January 10, 2012
This will be a short blog. We have a travel day tomorrow and I am beaten like a rented mule.
Cambodia has been like Nepal, except with 95 degree heat - the days are long, we exercise a lot and we pour ourselves into our beds.
With this in mind, I will give you the ultra-short Cliff’s Note addition to our day.
We went to the Cambodian War Museum. There we learned about the terrible aspects of the Khmer Rouge and its massive genocide. We also learned about the scourge that land-mines have become for this part of the world. Our tourguide was Com, who lost his left arm to a mine. That is only a mild setback - the same mine took his mom, dad and two sisters.
Here he is with his Texan family:
The museum was full of old equipment, from Russian helicopters
I could write a book about the Khmer Rouge, Pol Pot and the misery of Cambodia from 1970-the mid 1990’s, but let me suffice to say that it was unspeakable. In 1975, there were 7.1 million people in Cambodia. Ten years later, they had just over 4 million. To put this in perspective, the US would have to lose over 130 million people to lose an equivalent percentage!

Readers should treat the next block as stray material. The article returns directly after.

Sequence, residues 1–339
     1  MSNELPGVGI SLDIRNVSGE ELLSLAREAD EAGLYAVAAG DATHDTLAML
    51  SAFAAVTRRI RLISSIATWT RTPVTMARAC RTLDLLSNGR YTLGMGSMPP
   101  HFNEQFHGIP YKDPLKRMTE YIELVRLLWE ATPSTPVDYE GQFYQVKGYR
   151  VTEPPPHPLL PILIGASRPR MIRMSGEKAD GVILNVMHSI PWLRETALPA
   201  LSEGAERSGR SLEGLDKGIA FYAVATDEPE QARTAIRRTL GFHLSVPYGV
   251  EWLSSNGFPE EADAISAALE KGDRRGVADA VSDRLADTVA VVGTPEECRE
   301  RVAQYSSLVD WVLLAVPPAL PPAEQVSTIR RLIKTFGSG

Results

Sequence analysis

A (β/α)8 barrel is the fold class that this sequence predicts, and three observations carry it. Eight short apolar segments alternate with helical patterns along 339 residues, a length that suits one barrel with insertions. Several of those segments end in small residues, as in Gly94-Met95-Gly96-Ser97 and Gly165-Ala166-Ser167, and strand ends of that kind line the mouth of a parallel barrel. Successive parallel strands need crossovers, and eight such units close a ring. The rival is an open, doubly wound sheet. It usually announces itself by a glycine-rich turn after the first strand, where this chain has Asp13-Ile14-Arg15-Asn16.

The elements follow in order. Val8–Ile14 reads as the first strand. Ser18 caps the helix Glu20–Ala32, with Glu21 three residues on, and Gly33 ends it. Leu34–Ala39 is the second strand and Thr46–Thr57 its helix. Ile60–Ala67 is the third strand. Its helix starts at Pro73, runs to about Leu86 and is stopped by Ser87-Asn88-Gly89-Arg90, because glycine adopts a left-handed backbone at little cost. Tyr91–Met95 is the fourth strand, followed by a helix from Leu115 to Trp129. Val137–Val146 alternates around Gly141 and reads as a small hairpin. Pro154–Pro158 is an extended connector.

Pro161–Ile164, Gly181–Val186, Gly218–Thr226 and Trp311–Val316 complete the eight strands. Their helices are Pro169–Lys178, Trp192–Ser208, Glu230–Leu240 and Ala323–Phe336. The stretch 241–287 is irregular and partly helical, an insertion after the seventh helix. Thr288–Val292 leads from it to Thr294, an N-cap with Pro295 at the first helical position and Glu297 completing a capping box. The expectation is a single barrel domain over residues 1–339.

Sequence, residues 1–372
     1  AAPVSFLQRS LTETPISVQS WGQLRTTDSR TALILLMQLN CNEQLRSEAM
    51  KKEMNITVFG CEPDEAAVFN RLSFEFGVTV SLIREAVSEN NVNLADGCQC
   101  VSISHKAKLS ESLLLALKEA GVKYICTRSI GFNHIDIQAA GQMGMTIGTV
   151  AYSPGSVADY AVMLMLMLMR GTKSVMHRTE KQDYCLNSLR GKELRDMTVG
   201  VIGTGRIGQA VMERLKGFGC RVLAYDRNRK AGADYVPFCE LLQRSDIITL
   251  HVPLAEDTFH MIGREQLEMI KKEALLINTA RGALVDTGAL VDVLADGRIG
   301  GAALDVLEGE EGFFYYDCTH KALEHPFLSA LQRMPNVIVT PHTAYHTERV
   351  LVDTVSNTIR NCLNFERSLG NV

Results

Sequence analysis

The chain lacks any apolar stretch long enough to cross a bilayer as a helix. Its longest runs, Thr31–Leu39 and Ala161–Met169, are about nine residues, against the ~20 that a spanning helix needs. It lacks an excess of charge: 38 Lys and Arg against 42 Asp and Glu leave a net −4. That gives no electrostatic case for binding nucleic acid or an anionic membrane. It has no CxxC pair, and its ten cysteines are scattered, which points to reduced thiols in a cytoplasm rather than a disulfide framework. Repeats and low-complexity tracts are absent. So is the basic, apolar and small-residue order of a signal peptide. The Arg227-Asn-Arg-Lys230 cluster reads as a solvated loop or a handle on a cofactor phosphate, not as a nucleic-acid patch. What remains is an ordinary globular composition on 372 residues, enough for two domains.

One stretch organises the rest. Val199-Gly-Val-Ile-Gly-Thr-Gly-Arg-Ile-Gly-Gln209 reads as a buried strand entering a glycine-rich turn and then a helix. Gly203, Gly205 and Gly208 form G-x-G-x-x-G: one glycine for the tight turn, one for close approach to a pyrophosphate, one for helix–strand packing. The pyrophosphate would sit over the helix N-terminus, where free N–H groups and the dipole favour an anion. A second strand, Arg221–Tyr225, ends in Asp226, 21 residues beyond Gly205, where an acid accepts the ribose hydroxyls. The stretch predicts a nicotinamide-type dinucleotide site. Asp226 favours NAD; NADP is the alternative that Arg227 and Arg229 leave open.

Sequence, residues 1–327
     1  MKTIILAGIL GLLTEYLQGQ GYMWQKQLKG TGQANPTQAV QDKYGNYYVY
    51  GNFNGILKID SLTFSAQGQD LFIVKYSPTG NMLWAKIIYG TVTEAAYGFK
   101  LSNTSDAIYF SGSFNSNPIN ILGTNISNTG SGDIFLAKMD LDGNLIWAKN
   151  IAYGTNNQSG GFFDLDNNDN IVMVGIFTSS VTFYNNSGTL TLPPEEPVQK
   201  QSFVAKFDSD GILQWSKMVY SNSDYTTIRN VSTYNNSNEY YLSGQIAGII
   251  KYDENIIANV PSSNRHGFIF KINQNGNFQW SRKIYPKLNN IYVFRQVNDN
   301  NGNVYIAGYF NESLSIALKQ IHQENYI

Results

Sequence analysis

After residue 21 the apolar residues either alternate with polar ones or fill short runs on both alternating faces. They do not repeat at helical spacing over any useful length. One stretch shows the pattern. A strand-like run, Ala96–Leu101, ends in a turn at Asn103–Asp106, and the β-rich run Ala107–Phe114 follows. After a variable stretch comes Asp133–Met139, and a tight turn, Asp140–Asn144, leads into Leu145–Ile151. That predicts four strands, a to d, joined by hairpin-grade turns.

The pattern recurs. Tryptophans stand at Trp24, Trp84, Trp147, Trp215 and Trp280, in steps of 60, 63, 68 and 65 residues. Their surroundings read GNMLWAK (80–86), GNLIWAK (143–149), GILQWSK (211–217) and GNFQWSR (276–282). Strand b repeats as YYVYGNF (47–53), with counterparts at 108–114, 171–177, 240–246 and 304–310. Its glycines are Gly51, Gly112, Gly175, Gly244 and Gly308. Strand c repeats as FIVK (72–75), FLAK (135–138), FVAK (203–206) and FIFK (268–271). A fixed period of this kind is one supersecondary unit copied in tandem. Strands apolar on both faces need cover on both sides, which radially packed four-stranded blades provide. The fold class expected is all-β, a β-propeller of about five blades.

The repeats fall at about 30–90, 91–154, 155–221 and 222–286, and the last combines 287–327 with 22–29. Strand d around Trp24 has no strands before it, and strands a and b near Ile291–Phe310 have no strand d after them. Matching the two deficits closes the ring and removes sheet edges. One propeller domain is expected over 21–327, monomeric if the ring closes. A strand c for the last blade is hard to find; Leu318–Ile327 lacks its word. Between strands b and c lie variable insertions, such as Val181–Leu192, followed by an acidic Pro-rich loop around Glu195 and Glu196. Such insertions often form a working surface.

We decided to put all of our tough history in the same day, so we visited a temple complex that had been a school used as a prison by Pol Pot and the Khmer Rouge. At this site, the Khmer Rouge did what they did best - kill innocent people. The monks erected this memorial. I personally really struggled with this.
Here is a monk at the site.
We did not have a completely tough day. We met with my dear friend’s lovely wife Joan. We also had Matthew (from Luang Prabang) join us for the second night in a row. Nothing quite like spending time with friends when you have had a shake-your-faith-in-humanity day! Thanks to both of them for being such great company.